Brisbane-based graphic designer Myla Yeomans shares what homeschooling was like growing up, and how it enabled her family to travel Australia long-term.
Hi Myla, thanks for chatting to us. Tell us a bit about yourself.
My name is Myla. I was homeschooled/unschooled and grew up primarily in Brisbane and Byron Bay, although my family travelled a bit as well.
I studied Graphic Design and recently started working for an Indigenous Creative Agency.
How long were you homeschooled for and why did your parents choose home education?
I have never attended school. The approach to my education that my parents took was based on my interests.
I was born in Brisbane, and at age three my parents decided to set off in an old Coaster bus and travel around Australia. About a year into our travels, my parents received a letter of acceptance for a place in the local community preschool. As my mother tells it, she opened the letter and read it aloud, but before she had the chance to find me and ask what I thought, a little voice from the back of the bus yelled out “no way!”. And that was that! We continued to travel.
Tell us about travelling around Australia. What did your life look like?
The two years we initially spent travelling around Australia are some of my first and fondest memories. We didn’t have a set agenda, so we travelled slowly often staying in places we liked for weeks at a time. We never had a big budget for the trip, but we didn’t need one. My father is an electrician and as we travelled he was able to pick up bits of work in the towns or caravan parks of the more remote areas we ventured.
Our next proper adventure was when I was seven. We paddled down the Murray River living out of out kayaks for three months. Again, some of the best memories of my life.
More recently I've travelled to New Zealand for a holiday, and on a separate trip, to Nepal - to distribute funds we raised after an earthquake.
What did learning from home look like for you? What kind of curriculum did you use?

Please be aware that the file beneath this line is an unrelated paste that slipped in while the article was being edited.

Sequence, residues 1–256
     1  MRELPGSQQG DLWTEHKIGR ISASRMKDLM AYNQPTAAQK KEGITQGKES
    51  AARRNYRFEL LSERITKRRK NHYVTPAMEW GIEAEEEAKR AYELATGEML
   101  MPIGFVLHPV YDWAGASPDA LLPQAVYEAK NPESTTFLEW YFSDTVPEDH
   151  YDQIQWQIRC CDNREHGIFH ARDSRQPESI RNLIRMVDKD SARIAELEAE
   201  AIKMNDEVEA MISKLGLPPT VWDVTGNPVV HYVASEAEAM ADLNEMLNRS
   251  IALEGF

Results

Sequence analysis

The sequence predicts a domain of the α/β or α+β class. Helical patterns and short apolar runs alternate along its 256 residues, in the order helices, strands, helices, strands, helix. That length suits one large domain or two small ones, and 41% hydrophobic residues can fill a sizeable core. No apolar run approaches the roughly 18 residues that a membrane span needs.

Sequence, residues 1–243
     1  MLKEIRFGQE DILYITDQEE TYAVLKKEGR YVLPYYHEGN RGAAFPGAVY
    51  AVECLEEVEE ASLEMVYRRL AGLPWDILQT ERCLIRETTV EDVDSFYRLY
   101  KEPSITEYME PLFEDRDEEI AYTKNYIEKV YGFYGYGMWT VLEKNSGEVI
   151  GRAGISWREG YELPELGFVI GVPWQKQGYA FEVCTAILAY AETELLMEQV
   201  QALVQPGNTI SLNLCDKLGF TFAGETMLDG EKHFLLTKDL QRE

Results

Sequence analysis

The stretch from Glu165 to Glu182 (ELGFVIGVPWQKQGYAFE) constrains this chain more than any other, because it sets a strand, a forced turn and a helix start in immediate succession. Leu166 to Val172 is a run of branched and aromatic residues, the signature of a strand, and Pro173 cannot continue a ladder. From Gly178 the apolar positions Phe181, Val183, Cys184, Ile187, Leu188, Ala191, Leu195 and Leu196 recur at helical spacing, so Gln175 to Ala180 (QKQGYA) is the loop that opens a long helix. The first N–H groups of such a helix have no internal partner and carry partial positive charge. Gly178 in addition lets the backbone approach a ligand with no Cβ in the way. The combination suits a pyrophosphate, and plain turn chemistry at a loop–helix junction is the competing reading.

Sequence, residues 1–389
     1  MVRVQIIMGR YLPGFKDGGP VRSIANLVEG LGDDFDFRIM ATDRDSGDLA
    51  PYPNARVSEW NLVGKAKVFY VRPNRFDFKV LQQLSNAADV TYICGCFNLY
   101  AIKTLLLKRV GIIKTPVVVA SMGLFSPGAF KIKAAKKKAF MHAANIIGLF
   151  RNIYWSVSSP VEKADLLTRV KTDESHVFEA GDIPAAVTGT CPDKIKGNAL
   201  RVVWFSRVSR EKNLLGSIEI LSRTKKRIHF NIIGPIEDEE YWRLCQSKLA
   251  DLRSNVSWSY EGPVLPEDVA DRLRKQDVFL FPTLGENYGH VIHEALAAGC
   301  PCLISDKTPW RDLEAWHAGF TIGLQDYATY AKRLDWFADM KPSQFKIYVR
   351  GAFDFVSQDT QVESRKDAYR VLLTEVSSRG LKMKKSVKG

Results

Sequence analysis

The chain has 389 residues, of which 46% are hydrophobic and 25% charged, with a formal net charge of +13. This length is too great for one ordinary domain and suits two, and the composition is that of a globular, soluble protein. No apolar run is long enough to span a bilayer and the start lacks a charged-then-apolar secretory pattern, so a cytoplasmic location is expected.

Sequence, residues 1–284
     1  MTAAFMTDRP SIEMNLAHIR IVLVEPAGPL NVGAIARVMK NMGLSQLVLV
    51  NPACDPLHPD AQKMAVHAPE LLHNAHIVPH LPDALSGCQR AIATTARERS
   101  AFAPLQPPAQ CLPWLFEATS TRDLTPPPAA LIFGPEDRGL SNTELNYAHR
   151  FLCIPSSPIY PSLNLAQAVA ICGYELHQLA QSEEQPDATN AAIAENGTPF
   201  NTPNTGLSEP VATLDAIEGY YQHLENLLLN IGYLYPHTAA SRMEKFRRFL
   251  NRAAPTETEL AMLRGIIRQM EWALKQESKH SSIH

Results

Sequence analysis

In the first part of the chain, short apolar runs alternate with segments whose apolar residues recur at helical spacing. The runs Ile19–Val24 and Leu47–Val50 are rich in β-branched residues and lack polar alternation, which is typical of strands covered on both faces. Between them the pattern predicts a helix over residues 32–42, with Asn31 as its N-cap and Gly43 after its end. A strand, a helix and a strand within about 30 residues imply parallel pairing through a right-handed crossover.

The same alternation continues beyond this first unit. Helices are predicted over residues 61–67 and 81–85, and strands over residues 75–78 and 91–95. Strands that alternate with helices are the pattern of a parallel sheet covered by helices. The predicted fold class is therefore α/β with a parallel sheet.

Taking an unschooling approach, I never had a set curriculum. My parents were eager to expose me to new things, but nothing was ever really forced.
I can imagine it must have been daunting for them when - for the first ten or so years of my life - I showed virtually no interest in “the 3 Rs”, or doing any structured activities. I preferred to give my attention to cubby building, tree climbing, crocheting, recorder playing and lighting fires in the front yard…
However, as I got older, I realised that I was going to have to learn things that didn’t necessarily fill me with excitement, but were life skills I needed to be proficient in.
My parents found tutors for English and Math, and I attended classes or did online courses for my other interests.
What freedoms did homeschooling give you in terms of your choice in what you wanted to study and focus on?
Total freedom, all the freedoms.
Many people see ‘socialisation’ in high school as crucial, and believe that ‘isolated’ homeschooled children are hugely disadvantaged. What kind of social support system and friendships did you have?
Many of my friends originally came from the homeschooling group we were a part of in Brisbane. The group was a bit of a bubble really, but a nice, inclusive bubble.
We weren’t separated by age, gender, economics, perceived intelligence, religious views or any of the other ways that we would likely have been divided by in the school system. There was no mould to fit into, so we never had to try.
For that reason, I was quite an outgoing child, happy to start up a conversation with anyone. I think that helped me to find and make friends relatively quickly.